With no silver bullet or obvious funding solution for the future of journalism, our eyes are glued to the horizon for the next great idea. But what if some of those ideas aren’t on the horizon, but right in front of us?
As Freek Staps wrote in his roadmap for media entrepreneurship, “Not every idea has to be a blockbuster. Small successes can also lead to new revenue streams (and a larger scaled transformation in the newsroom).” One of those non-blockbuster opportunities is likely sitting in your inbox right now: newsletters.
If done well, newsletters can inform subscribers while also generating revenue. However, it’s important to know from the outset what the main purpose is. For curators interested in monetizing their newsletter, here are four possible methods to consider:
Newsletters with a high click-to-open rate and a well-defined, loyal audience can be a very attractive place for partners to distribute targeted messaging. Understanding your subscribers can help you identify aligned sponsors who also want to engage that demographic, and will be relevant to your subscribers.
As with any form of sponsorship, it’s paramount to brand and format content clearly. Make sure your subscribers know what’s journalism and what’s not. Gray area here can permanently damage trust between you and your subscribers, who — according to Lucia Moses of Digiday — are likely to be your most loyal news consumers.
Think creatively about how to present sponsored content in a way that your subscribers will be interested in. Rather than automatically defaulting to a sponsored ad, consider what they would want to show up in their inbox. Is it a sneak peek of a new tech product? A message from a CEO about their fall lineup choices? A drawing for two round-trip tickets to paradise? An exclusive discount on tickets to that must-see premiere? Even sponsored content can help you brand your newsletter as a go-to read.
While recruiting an aligned sponsor generally takes relationship building and time, you can begin offering premier paid advertising placement in your newsletter right out of the gate. At Crosscut, we offer two premier reserved ad spots in our morning eNews, a standard solution. But like sponsorship, advertising can be implemented in a variety of ways. For example, the Ann Friedman Weekly includes a dedicated classified section that features opportunities apparently hand-curated for her subscribers.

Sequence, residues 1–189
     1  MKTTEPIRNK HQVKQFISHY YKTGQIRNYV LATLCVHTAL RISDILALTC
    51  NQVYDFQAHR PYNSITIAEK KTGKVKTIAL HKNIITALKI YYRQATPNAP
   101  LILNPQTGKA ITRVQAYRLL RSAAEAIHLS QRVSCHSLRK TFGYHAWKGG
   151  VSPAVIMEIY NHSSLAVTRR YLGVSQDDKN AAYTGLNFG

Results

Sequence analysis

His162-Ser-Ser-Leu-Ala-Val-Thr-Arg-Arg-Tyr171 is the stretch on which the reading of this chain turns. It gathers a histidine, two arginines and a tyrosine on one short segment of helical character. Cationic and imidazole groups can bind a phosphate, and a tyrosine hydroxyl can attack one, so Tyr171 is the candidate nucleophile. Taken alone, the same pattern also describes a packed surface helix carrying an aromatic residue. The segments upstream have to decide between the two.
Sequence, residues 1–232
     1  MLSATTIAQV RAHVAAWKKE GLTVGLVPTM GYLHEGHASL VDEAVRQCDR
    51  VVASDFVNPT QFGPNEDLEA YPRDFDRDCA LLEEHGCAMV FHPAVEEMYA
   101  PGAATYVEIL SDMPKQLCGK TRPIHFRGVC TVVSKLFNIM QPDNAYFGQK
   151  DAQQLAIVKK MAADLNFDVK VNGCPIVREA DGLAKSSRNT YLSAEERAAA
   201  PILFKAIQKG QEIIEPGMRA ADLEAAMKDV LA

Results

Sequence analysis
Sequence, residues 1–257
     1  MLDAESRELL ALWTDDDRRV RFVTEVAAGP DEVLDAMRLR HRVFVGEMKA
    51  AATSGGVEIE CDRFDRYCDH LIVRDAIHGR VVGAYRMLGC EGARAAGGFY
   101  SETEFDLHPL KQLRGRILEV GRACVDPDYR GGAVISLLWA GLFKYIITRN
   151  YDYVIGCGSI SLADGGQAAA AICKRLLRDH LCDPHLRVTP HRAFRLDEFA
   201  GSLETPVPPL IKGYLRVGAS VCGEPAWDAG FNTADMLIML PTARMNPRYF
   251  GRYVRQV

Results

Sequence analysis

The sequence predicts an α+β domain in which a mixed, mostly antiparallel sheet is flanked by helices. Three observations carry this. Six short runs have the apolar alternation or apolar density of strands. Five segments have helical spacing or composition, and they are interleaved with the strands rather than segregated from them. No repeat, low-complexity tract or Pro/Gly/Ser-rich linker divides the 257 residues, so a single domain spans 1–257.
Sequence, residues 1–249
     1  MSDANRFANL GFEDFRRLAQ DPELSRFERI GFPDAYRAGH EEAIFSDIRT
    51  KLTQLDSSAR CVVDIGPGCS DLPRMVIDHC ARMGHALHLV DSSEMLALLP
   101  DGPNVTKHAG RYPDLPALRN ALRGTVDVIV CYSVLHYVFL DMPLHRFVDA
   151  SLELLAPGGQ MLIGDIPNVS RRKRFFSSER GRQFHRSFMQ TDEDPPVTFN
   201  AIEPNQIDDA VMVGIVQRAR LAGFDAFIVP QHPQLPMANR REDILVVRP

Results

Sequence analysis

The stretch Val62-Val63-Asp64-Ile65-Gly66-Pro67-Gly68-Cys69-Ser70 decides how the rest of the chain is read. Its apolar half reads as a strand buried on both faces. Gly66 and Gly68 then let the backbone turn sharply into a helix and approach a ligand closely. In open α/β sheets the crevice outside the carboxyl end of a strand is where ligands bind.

Having trouble fulfilling your ad spots? Sometimes the best way to sell advertising is by having it filled to begin with. Remnant space could be filled with house advertisements or provide a service to community partners with free impressions for public service announcements.
Paywalls and paid subscriptions
Before you write off the possibility of a paywall, consider there are many different forms of walls, and as many forms of payment.
Implementing a paywall could mean that nonpaying members are barred from access, but it could also mean that contributing members receive exclusive bonus content (like hand-drawn pie charts) or that nonpaying members can only access a set number of articles each month without subscribing.
Payment might mean a monthly fee, but it could also mean attending at least one event in a given quarter or completing a survey about who they are, what content they’re looking for and their consumer habits. For example, the survey wall from The Texas Tribune, below, includes one question, which must be answered before readers gain access to content.
Either way, a revenue-generating newsletter is a beautiful thing. As Josh Marshall of Talking Points Memo puts it, “There [is] something great and special about any publication that people think is valuable enough that they’re willing to pay … something for it.”
What can you provide in your newsletter that is unique, entertaining or essential?
Conversion tool for membership or subscription
Readers across generations are more likely to support missions they feel a strong connection to. “When people identify with an organization,” writes Melody Kramer for Nieman Lab, “they exhibit higher and longer-term levels of loyalty and are more likely to formalize their identification by becoming members through donations.”
Building brand loyalty can pay off in increased engagement, impressions and subscriptions. But don’t assume that simply distributing links to relevant articles is the same as building brand loyalty. As we’ve noted already, newsletter subscribers are your loyalists, which means they’re likely to be interested in more than just the articles.
Adding newsletter-only content like reporter profiles, “overheard in the newsroom” comments of the week, or contributor-written context for each article can help your subscribers connect with the people behind the news.
Tamara Power-Drutis is the executive director at Crosscut Public Media and project leader of Crosscut’s 2016-2017 institutional fellowship at RJI. Sangeeta Singh-Kurtz is a research and editorial intern at Crosscut Public Media.